Gymboree Files for Chapter 22 and Plans to Liquidate
On January 16, 2019, Gymboree Group, Inc. and 10 affiliated debtors (collectively, “Debtors” or “Gymboree”) filed chapter 11 in the United States Bankruptcy Court for the Eastern District of Virginia (Richmond Division). On January 17, 2019, Gymboree, Inc. commenced a parallel proceeding in Canada under subsection 50.4(a) of the Bankruptcy and Insolvency Act (Canada).
The Debtors own a portfolio of three high-quality children’s clothing and accessories brands, Gymboree®, Janie and Jack® and Crazy 8®, and operate 45 specialty retail stores that sell their brands. They also wholesale their brands to third-party merchants and franchise their stores in international markets.
Gymboree intends to use the U.S. and Canadian insolvency proceedings to facilitate an orderly wind-down of all its Gymboree® and Crazy 8® stores, while continuing to pursue a going-concern sale of its Janie and Jack® business and the sale of its intellectual property and online platform.
In order to pay for the costs of the sale and administration of their bankruptcy cases, the Debtors obtained $30 million in DIP funding from certain of its prepetition lenders.
According to Gymboree’s Chief Restructuring Officer, in 2017, the Debtors believed that the fresh start given in their prior bankruptcy cases positioned them to service their debt and invest in their business. But, the unanticipated degree of decline of the brick-and-mortar retail industry, among other factors, made it increasingly difficult for the Debtors to support their cost and capital structure.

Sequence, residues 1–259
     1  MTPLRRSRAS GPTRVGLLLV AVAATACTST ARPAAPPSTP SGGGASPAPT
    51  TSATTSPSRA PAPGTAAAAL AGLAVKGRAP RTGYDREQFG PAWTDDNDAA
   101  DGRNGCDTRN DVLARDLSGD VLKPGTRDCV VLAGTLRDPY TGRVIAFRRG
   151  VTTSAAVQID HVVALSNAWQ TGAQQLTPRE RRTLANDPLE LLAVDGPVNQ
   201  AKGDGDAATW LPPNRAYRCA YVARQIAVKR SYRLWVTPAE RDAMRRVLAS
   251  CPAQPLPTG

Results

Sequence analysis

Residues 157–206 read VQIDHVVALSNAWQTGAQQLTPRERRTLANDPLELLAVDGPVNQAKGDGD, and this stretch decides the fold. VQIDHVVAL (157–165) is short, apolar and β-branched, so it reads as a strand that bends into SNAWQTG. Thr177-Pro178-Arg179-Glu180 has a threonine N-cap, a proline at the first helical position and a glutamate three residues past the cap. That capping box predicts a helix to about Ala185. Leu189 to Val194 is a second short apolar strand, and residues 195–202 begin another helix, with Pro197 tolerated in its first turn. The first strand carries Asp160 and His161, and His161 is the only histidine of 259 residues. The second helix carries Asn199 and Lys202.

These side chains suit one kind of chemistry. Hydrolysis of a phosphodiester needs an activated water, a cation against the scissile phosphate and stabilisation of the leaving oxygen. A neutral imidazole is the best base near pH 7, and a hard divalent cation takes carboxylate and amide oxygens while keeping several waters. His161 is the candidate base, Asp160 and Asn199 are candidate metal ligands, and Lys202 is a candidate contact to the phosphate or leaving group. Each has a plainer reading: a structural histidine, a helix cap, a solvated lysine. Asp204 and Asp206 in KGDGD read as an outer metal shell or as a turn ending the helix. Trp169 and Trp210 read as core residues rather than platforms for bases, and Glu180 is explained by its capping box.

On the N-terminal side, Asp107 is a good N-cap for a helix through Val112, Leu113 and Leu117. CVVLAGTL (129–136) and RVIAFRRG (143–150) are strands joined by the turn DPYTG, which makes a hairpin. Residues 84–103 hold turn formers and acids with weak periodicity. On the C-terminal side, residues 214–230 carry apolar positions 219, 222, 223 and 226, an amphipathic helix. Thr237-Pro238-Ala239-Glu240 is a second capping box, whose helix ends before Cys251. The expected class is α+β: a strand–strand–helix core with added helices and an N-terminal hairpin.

In 1986, the first Gymboree retail store opened in California, and in 1997, www.Gymboree.com was launched. Around the same time, Gymboree commenced an initial public offering and its common stock began to trade publicly. Gymboree continued to grow throughout the 2000s, generating strong sales that continued through the post-recession period.
In October 2010, Gymboree was acquired by Bain Capital Private Equity, LP for approximately $1.8 billion. Post-acquisition, Gymboree initiated an expansion of its brands into China, South Korea, Australia, and parts of Latin America to increase its global footprint. At its height, Gymboree had approximately 1,300 company-operated stores and outlets globally.
In 2016, Gymboree also began wholesaling (i.e., selling inventory in bulk quantities) their brands to larger merchants.
Gymboree faced a competitive retail environment made more challenging by a shift away from traditional shopping at brick and mortar stores towards a more online-centric platform. With an underdeveloped online presence, increasing competition, and too little foot traffic in its retail stores, Gymboree’s inability to achieve anticipated growth, coupled with a highly leveraged balance sheet, resulted in mounting losses and dwindling liquidity.
By the second quarter of 2017, Gymboree concluded that it needed to close a large number of its underperforming stores, restructure its balance sheet, and bring in significant new capital.